Find­ing a sense of com­mu­nity

GA Voice - - Pets -

As a child, Shel­ton Stro­man and his fam­ily had pets. And when he was in col­lege, he had a dog. But af­ter his dog died, Stro­man swore off pets.

“I was heart­bro­ken. It was like los­ing a child,” he said.

But his love for an­i­mals re­mained and he quit a com­puter ca­reer to work at a vet­eri­nary clinic as the prac­tice man­ager where his then part­ner, now hus­band, Christopher In­nis, worked.

“I met Chris and he was a vet and he had pets. I fell in love with his pets … and I went from work­ing at a com­puter com­pany to work­ing at a pet hos­pi­tal,” Stro­man said.

Stro­man man­aged the prac­tice for eight years. Then, about five years ago, an­other com­pany pur­chased the vet­eri­nary clinic. It was then that Stro­man de­cided he wanted to strike out on his own.

He pitched his idea of a pet ho­tel and re­sort – an up­scale board­ing ser­vice – to In­nis.

“And he was like, ‘Re­ally?’” Stro­man said, laugh­ing.

But af­ter a night of crunch­ing num­bers and care­ful con­sid­er­a­tion, In­nis was on board, and their busi­ness, Snel­lville Pet Re­sort, be­came a re­al­ity, open­ing up in 2011.

Stro­man man­ages the busi­ness while In­nis, who works for Ban­field Pet Hos­pi­tal, serves as the re­sort’s doc­tor.

“I thought a pet re­sort was some­thing that was miss­ing in this area – most board­ing fa­cil­i­ties put pets in cages and there wasn’t a place as up­scale,” Stro­man said.

‘These pets truly are their kids’

Stro­man said the fa­cil­ity of­fers 152 dif­fer­ent rooms, from a “stan­dard suite” to a “pent­house suite” com­plete with a queen­sized bed. Some rooms are equipped with

July 8, 2016

flat-screen TVs that stay on for the pets be­cause that is what they are used to at home, Stro­man said. Rooms are also avail­able for peo­ple with three or more pets.

Dur­ing hol­i­days, such as the Fourth of July and Thanks­giv­ing and Christ­mas, the pets are treated to hol­i­day meals com­plete with “pup dogs” or turkey and dress­ing. But the food is ac­tu­ally nu­tri­tional pet food made to look like hu­man food, Stro­man said.

“Chris is a vet so he makes sure the pets get ap­pro­pri­ate foods,” he said.

Pho­tos of the pets eat­ing their hol­i­day meal are then posted to Face­book so clients can see how they are do­ing.

Most pets boarded are dogs. There are plenty of rooms for cats, too, but of­ten­times there are some open rooms. That’s when Stro­man said his pet ho­tel makes room for some dif­fer­ent kinds of pets.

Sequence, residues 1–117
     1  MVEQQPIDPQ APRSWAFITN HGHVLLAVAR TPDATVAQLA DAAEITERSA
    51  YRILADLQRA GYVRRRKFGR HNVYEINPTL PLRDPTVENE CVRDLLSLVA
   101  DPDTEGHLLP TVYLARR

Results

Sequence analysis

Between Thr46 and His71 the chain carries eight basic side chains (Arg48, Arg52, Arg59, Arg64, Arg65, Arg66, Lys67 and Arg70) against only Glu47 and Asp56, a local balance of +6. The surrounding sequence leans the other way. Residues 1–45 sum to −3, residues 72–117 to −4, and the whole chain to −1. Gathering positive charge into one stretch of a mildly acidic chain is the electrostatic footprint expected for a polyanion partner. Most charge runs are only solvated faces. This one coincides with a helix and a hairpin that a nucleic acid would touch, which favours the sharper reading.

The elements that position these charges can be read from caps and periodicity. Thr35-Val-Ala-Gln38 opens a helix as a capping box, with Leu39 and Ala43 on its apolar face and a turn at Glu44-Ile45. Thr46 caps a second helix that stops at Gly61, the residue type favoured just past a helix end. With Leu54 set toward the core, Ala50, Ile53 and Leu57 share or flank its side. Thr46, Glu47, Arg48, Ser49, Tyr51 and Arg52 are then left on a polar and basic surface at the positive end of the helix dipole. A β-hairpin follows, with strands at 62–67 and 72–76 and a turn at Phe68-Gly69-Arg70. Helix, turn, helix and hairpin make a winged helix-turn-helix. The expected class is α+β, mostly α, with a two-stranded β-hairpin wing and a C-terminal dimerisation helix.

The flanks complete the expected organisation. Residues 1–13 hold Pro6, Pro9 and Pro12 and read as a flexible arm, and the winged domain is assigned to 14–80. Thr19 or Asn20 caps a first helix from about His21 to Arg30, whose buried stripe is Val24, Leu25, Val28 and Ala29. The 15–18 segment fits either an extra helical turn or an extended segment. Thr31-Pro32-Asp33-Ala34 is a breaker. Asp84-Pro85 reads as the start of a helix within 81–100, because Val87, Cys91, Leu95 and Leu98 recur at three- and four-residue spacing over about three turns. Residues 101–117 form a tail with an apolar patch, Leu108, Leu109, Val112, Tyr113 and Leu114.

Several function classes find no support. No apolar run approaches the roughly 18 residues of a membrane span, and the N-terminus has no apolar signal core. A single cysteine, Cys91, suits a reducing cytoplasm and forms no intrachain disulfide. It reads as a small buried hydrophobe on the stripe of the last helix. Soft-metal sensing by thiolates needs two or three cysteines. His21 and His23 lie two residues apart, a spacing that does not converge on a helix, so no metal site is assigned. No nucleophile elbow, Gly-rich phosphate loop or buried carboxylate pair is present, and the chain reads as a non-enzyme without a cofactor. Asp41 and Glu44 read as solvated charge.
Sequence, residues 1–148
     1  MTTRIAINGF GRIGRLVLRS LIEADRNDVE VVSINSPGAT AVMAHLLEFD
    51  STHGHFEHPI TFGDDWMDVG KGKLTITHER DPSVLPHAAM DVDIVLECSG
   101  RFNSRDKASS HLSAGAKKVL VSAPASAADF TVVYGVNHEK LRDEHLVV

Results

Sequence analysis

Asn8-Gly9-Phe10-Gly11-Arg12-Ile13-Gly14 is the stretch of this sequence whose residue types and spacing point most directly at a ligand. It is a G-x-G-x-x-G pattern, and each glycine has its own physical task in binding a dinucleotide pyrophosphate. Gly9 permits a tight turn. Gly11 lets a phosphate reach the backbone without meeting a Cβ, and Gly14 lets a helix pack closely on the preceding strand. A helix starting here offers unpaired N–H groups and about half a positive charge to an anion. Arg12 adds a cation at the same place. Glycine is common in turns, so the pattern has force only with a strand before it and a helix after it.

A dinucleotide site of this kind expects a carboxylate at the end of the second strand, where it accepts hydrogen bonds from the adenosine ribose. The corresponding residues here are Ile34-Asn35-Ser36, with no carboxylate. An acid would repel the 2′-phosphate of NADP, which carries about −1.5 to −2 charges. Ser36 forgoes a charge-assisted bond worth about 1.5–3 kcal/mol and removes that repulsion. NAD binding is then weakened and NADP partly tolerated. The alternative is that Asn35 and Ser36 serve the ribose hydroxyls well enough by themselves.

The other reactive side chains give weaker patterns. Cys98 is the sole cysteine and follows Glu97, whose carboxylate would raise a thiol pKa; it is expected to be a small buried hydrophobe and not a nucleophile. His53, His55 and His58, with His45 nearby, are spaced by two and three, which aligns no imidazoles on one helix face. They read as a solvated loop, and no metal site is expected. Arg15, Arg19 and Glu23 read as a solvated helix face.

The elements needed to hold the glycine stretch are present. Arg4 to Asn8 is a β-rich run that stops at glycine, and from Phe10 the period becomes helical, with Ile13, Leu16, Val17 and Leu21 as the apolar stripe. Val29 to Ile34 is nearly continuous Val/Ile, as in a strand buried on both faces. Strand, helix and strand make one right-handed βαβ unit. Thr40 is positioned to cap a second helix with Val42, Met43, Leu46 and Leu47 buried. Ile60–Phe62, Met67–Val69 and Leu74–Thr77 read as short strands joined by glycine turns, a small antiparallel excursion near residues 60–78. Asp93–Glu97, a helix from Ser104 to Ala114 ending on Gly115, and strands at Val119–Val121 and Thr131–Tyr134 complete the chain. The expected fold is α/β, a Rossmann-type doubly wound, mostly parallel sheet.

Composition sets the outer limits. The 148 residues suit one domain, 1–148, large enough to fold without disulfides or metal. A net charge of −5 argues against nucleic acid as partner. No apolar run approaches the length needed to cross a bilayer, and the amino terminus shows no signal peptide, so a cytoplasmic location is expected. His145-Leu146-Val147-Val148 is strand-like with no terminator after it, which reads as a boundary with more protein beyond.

De­pend­ing on the spe­cial in­struc­tions, Stro­man said he is able to board ex­otic pets. The oc­ca­sional iguana is boarded, for ex­am­ple, he said.

“We usu­ally get them dur­ing off days – be­cause peo­ple with ex­otic pets most likely don’t have kids,” he said. “These pets truly are their kids.”

The strangest pet housed by Snel­lville Pet Re­sort, how­ever, is a pot-bel­lied pig.

“We put hay down and take in a slop bucket. Lucky for me I was raised on a farm, so it was okay with me. The fam­ily came in and asked and I said, yes, we can make that hap­pen,” Stro­man said. “And they’re a re­turn client – they come in every two years.”

Stro­man and In­nis, who have been to­gether for 15 years and mar­ried in May, were part of the Lambda Le­gal lawsuit against Ge­or­gia to bring same-sex mar­riage to the state. In­nis was the lead de­fen­dant in the suit known as In­nis v. Ader­hold. Top photo: Shel­ton Stro­man (left) and Christopher In­nis (right) are part­ners in life and busi­ness as own­ers of Snel­lville Pet Re­sort. Bot­tom: The cou­ples love for an­i­mals range from do­mes­tic pets to ex­otic. (Pho­tos via Face­book)

At home, Stro­man, In­nis and their son, Jonathan, 11, have a Jack Rus­sell ter­rier named Ha­ley, a chi­huaua mix named Rocco and a gecko named Mis­ter. “That’s Mis­ter with a pe­riod,” Stro­man said.

Their home is also a reg­u­lar fos­ter home for dogs and cats need­ing re­ha­bil­i­ta­tion. As a vet with Ban­field, which is housed in PetS­mart stores, In­nis is in reg­u­lar con­tact with these an­i­mals – and he of­ten brings them home.

“He doesn’t want to see a pet put down so he brings them home and we re­hab them. He

By DYANA BAGBY

brings pets from ev­ery­where,” Stro­man said.

Open­ing and op­er­at­ing a pet ho­tel is just one way Stro­man said he and his fam­ily con­trib­ute to their com­mu­nity. The fam­ily’s home is also a pop­u­lar spot for neigh­bor­hood kids to hang out with their son.

“We want to feel a sense of com­mu­nity – that’s some­times dif­fi­cult when you are part of a same-sex cou­ple,” he said.

“We like tak­ing care of kids, and we like tak­ing care of pets,” Stro­man said. “Me and my hus­band do [both] quite well.”

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